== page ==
• Now consider Figure 2, with (C) representing some kind of institutional defender of consumer rights. If (A) sells (B) a faulty product, (C) can intervene, acting on the power relation between the two. As a bureaucratic establishment, (C) might have the power to regulate certain societal relations. In this case, the given relation is an economic one, where a seller might have the power to refuse refunds, or maybe charge a fee for debit card purchases. Simply by there being an institution that defends a certain right (in this case, let's say it is the right to not be scammed when buying products). The consumer has a new found power over the seller. This new component of power acting on a power relation is what makes the given situation a political one. Furthermore, Foucault defines politics in terms of the systems of power it produces. So the ‘political’, then, is the web of political relations connecting and dividing points of the social body.
  • Now, to take it a step further: imagine in Figure 3 that (F) represents the California Supreme Court, and (E) represents the Federal Department of Justice. (F) might have the power to alter the way in which (C) can intervene in the economic relation between (A) and (B). Moreover, if a majority of the justices in (F) had a ‘pro-business’ view, then (A), the seller, might have a newfound political power over (B), the consumer. This power could even be in plain sight and, at the same time, remain completely unnoticed. Now, let us imagine that the presidential election is a month away, and the candidate most likely to win is consumer rights activist Ralph Nader (D). His victory in the election might give him the authority to appoint the head of (E), the Department of Justice. (E) might not have direct power over the justices of (F), but it might be able to change the rules by which (F) has authority over (C). This is what Foucault is referring to when speaking about the 'political'. As new power relations emerge, the system of politics revolving around a rather simple interaction between a consumer and a seller gets ever more complicated.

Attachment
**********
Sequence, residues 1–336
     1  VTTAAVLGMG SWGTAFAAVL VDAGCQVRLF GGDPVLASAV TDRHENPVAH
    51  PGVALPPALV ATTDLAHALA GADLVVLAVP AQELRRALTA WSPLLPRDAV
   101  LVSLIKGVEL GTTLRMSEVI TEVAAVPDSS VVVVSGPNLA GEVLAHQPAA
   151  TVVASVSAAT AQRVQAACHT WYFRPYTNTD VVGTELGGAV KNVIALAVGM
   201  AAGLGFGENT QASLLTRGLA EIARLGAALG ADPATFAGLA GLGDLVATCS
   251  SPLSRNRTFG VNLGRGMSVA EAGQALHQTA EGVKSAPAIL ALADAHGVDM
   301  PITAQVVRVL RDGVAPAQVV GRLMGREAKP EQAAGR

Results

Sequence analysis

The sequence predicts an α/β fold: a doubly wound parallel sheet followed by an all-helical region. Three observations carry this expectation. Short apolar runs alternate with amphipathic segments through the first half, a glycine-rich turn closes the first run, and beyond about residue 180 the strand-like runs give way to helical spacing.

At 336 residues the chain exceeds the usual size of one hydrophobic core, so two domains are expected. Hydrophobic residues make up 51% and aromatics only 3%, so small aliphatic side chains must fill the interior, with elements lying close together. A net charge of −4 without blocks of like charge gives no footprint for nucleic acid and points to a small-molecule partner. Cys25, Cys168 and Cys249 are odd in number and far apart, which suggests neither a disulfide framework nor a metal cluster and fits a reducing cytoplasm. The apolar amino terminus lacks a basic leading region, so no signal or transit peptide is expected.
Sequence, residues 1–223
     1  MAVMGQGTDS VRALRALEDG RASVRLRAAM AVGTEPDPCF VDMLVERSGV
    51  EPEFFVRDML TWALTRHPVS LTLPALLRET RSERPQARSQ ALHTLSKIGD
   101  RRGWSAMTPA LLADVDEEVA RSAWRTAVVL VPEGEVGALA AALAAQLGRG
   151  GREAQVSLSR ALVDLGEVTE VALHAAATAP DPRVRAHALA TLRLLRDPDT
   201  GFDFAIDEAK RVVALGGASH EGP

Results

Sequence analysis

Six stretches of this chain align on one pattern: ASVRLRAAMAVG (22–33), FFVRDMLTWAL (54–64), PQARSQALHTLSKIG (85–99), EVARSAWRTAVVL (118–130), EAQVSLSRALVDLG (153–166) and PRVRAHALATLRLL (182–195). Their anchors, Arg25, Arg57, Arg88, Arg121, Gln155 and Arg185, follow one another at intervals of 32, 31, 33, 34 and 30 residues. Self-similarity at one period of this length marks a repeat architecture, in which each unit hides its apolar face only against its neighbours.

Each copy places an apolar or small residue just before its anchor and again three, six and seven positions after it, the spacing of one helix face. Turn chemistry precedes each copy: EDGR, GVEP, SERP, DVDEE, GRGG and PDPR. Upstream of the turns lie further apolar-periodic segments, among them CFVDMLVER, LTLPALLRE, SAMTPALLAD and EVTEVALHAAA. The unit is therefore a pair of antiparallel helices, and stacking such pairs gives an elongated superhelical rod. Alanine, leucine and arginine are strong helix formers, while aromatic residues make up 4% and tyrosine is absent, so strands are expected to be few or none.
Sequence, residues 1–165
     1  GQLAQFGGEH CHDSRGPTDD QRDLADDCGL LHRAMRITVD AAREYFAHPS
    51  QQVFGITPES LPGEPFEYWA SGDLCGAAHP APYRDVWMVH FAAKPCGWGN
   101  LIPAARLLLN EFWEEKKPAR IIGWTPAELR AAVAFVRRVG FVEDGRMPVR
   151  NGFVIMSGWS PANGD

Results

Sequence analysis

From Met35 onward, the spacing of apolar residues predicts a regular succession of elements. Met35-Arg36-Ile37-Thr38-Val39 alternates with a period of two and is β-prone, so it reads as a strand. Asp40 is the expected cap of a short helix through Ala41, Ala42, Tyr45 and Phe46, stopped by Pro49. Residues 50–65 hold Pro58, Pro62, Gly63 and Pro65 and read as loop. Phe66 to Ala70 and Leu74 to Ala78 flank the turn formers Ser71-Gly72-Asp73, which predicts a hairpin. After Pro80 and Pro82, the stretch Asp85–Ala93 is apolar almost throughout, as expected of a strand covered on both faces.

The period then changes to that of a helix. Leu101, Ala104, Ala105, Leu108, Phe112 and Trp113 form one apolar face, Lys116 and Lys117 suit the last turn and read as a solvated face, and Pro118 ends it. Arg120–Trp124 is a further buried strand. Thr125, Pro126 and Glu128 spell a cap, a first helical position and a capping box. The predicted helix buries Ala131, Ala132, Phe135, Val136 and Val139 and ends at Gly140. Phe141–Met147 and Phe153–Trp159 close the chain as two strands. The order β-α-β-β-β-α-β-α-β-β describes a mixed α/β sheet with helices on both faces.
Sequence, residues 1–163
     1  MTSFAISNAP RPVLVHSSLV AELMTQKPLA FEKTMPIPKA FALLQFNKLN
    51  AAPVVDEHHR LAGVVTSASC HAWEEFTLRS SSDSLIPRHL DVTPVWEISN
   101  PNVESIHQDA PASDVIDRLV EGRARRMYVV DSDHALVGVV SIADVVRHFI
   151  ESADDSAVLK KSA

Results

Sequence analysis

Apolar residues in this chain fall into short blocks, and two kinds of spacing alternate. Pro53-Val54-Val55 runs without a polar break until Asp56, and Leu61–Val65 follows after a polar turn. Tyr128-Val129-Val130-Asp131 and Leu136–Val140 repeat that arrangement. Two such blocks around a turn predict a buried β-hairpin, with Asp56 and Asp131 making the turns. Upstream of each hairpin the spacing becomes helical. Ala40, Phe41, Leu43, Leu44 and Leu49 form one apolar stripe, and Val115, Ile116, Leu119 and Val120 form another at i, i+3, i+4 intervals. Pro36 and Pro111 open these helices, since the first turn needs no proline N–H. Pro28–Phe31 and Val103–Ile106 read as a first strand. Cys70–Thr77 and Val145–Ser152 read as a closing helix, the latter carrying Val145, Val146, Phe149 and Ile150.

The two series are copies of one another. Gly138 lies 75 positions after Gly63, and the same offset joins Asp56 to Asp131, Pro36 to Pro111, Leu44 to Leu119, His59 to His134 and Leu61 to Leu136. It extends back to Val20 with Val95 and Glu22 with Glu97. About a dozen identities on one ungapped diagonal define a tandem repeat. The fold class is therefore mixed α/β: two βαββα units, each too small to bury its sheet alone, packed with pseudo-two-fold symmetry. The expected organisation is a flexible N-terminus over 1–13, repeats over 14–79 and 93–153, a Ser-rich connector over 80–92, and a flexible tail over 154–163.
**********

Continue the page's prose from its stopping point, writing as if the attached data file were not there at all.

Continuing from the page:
In the Foucauldian framework, politics must be understood as a process that reproduces itself at ever higher levels of coordination. When power acts on a power relation, a new relation emerges for power to act on. Moreover, the more power that acts on power that acts on power, the more politics takes place. It is in this sense that the complexity of political relations defines the domain of the ‘political’. This ever-increasing complexity of a political situation develops itself into a larger system of social networks.

Furthermore, Foucault posits that as power relations group into certain ideas or practices, they ‘crystalize’ into institutions. For example, the defender of consumer rights in Figures 2 and 3 might have come about as a reaction to an abundance of unfair business practices. As community members, activists, lawyers, and politicians assembled their collective power into a single practice, this institution of consumer rights defense slowly becomes solidified into the socio-political landscape. Over time, the more that rely on it, the more points of the social body are willing to fight to preserve it. As institutions impose power on other institutions, new systems of governing that power might emerge, creating a vastly complicated political system.